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Tewes Poultry Farm Celebrates 75 Years

Tewes Poultry Farm is celebrating its seventy-fifth anniversary this year.

Founded in 1944 by John and Mary Tewes, the popular attraction is now operated by their son, Dan, and his wife, Darlene. Dan is one of 17 children born to farm's founders.

"We are the only farm in Kentucky that I know of that still raises, dresses, and sells poultry in the same place," Dan Tewes said.

But there have been changes over the years, including the prices.

"Back in the day, my dad used to sell the eggs for a penny apiece," he said. "He would sell the chicks for a nickel. Then he found out he could dye the chicks a color and he would charge twenty-five cents a chick. You can't dye chicks anymore, but my dad had a patent on it."

Chicks still roam the farm and are purchased as chickens by the pound, already dressed for cooking.

Baby rabbits are still on the farm, but Tewes may be getting out of the bunny season, too.

November and turkeys is where the farm's fortune lies. Tewes said his farm sells enough turkeys at Thanksgiving to make the whole year worthwhile.

"Ninety percent of our business comes in November, particularly the week of Thanksgiving," he said. "It's our money month. Other than that, we have a small business all year around with fryers and eggs."

Dan's brother, Tom, is a partner with him in the farm. Dan explained that Tom always took care of the fields, and he would take care of the turkeys and chickens. Tom grows hay in the fields, but the feed for the poultry is purchased, because Dan says it is cheaper to buy it than to grow it.

Tom also has three beef cows at a time. He raises them, and then sells them and buys three more. Other than the rabbits, and the farm dogs and cats, the cows are the only non-poultry animals on the farm. Retired now, Tom drove a tractor trailer for twenty years.

The farm is open about 10 a.m. to 6 p.m. Monday through Friday, and 10 a.m. to 4 p.m. on Saturday.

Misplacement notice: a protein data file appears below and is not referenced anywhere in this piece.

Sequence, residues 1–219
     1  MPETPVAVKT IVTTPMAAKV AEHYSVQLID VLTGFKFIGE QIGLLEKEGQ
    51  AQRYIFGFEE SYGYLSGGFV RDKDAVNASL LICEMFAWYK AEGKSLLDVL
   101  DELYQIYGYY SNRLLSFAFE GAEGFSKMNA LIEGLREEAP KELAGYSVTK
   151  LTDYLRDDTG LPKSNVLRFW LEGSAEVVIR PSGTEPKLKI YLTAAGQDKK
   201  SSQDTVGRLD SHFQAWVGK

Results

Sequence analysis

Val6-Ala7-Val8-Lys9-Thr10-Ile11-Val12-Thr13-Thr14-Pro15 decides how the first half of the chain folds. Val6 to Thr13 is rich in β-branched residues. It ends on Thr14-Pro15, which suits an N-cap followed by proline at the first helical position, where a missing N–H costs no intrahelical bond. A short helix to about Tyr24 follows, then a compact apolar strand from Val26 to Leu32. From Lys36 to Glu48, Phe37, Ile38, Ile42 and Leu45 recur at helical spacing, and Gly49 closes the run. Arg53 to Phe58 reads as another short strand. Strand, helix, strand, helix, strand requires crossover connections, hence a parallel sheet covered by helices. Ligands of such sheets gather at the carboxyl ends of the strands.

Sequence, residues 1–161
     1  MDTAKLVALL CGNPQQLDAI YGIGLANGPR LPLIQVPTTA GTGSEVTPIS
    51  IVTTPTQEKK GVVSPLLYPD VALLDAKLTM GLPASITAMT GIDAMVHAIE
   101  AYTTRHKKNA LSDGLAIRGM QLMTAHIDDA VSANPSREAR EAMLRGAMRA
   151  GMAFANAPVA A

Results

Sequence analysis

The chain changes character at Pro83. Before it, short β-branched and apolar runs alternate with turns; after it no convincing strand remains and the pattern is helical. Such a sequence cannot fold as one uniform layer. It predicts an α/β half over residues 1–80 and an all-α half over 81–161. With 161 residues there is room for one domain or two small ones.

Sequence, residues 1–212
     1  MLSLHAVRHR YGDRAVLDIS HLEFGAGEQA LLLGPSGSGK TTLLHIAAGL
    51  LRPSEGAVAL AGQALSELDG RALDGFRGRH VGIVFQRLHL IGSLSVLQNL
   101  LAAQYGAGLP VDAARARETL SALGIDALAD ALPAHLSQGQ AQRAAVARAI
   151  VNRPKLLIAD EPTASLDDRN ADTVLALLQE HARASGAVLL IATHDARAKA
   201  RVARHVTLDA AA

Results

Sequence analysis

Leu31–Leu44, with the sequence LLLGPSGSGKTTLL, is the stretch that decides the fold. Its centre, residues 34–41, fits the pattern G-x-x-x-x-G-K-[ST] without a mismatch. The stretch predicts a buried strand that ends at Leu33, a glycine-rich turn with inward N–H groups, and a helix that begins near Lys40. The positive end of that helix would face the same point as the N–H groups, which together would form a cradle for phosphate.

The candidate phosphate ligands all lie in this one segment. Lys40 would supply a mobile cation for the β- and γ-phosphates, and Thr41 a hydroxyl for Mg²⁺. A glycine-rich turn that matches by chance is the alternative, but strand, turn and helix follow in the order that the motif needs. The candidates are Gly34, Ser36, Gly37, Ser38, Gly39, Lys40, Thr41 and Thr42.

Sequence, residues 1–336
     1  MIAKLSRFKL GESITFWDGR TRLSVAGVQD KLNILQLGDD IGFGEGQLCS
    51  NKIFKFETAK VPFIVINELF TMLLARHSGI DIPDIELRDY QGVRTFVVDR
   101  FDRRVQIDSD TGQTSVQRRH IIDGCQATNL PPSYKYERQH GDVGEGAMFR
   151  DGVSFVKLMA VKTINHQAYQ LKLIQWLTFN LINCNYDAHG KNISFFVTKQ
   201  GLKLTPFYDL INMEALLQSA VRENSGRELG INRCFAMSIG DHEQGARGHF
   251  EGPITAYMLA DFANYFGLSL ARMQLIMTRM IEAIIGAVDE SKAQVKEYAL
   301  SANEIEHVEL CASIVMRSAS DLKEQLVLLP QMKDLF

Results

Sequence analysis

"If you need something on Sunday, you're going to have to call me," Dan said.

Dan and Darlene's five children take turns coming over to the farm and helping out. They take care of the customers who want eggs and fryers. Dan remembers his dad finding a cracked egg once, and it didn't faze him. "You have to crack 'em to eat 'em!," he told the customer.

He also remembered when one day a customer apologetically handed his dad a hundred dollar bill, asking if he could change it. Not missing a beat, his dad quipped, "I can change anything but your mind!"

John and Mary have passed on now, but they live on through their children and eighty grandchildren.

The family hasn't done much to celebrate the 75th anniversary. It's a milestone, but life goes on, and work has to be done. A few weeks ago the family celebrated with a mass at St. Joseph church in Crescent Springs, and then a meal at PeeWee's.

Dan said they have a wedding coming up, as well as Memorial Day and Fourth of July celebrations, but nothing else that really sets the year apart.

He commented that he doesn't have any plans for the future.

"I don't make any plans," he said. "We like to take little vacations, but it isn't planned way ahead."

In a way, the work is such a part of everyday life, that it hardly feels like work, he said.

"I've been around long enough, that it's not really work to me," he said. "I can get it all done. Unless there is a catastrophe, like back in 2008 when a roof blew off."

As good as it is, living life on a farm, Dan said none of the kids really want to take it over. He said he doesn't know if farmers actually retire.

Standing there looking out over the land, remembering the trees he and his siblings climbed as children, he pondered the question of whether he could envision a future where Tewes Poultry farm didn't exist.

"Yes," he said simply.

Written by Patricia A. Scheyer, RCN contributor